Much of that job growth reflects continuing demand from Americans who have been increasingly venturing out to shop, eat out, travel and attend entertainment events — activities that were largely restricted during the height of COVID.
“We’ve created more jobs in two years than any administration has created in the first four years,” President Joe Biden said Friday about the employment report. “It means our economic plan is working.”
Economists note, however, that the very strength of the job market is itself contributing to the high inflation that continues to pressure millions of households.
In February, in contrast to the solid hiring in the services sector, manufacturers cut 4,000 jobs. And a sector that includes technology and communications workers shed 25,000 jobs, its third straight month of losses. It is a sign that some of the announced layoffs in the economy's tech sector are being captured in the government's data.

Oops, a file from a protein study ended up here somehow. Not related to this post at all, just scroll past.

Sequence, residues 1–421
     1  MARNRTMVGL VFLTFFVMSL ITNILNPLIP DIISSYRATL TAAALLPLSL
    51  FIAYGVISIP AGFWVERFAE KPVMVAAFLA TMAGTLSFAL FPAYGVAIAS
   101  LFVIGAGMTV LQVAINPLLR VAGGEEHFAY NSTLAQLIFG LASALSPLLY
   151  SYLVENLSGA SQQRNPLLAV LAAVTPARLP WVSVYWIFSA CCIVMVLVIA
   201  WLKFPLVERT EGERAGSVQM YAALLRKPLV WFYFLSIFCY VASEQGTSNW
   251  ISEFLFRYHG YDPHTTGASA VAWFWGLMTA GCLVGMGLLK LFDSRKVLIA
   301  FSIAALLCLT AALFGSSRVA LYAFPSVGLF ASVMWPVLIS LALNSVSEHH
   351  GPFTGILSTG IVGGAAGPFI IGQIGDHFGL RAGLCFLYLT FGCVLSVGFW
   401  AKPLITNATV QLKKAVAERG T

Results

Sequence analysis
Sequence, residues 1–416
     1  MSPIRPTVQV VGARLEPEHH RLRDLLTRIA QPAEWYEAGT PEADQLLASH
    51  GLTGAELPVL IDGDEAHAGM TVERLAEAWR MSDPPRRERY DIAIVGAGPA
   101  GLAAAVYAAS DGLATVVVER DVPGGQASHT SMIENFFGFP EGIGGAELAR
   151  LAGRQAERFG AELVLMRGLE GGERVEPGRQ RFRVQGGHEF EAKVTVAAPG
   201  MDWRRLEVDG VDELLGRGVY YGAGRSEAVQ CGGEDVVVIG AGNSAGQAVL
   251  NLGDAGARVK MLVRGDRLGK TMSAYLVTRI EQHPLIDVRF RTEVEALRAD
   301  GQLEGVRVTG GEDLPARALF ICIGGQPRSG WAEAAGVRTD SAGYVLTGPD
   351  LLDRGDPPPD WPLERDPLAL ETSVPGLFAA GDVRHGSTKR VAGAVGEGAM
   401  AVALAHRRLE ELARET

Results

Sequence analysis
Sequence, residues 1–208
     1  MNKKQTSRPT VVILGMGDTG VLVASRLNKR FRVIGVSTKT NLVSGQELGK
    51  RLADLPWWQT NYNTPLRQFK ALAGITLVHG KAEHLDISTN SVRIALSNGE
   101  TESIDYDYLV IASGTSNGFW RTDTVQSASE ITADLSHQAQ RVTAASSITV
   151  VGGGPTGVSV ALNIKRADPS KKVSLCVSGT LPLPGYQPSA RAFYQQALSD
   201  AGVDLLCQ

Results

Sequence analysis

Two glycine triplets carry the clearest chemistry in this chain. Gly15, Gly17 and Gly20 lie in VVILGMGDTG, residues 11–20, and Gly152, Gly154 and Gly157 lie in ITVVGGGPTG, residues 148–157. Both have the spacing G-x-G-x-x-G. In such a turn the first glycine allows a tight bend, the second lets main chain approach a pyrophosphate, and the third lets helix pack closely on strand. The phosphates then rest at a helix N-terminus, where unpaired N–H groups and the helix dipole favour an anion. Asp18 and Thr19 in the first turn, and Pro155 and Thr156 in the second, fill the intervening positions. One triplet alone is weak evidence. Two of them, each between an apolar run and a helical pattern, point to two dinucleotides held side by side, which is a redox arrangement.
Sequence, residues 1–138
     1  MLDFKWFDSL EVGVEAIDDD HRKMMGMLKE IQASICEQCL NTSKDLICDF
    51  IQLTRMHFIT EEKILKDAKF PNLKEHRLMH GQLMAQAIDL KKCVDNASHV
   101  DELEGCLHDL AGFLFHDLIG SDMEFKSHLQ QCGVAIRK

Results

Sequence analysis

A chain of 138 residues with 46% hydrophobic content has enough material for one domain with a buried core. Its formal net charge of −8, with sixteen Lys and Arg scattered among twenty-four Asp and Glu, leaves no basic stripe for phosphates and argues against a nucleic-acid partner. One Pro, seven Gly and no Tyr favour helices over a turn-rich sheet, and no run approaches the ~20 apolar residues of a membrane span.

Last month, the government reported a surprising burst of hiring for January — 517,000 added jobs — though that gain was revised down slightly to 504,000 in Friday’s report. The vigorous job growth for January was the first in a series of reports to point to an accelerating economy at the start of the year. Sales at retail stores and restaurants also jumped, and inflation, according to the Fed’s preferred measure, rose from December to January at the fastest pace in seven months.
The stronger data reversed a cautiously optimistic narrative that the economy was cooling modestly — just enough, perhaps, to tame inflation without triggering a deep recession. Now, the economic outlook is hazier.
AP Writer Josh Boak and AP video journalist Ty O'Neil in Las Vegas contributed to this report.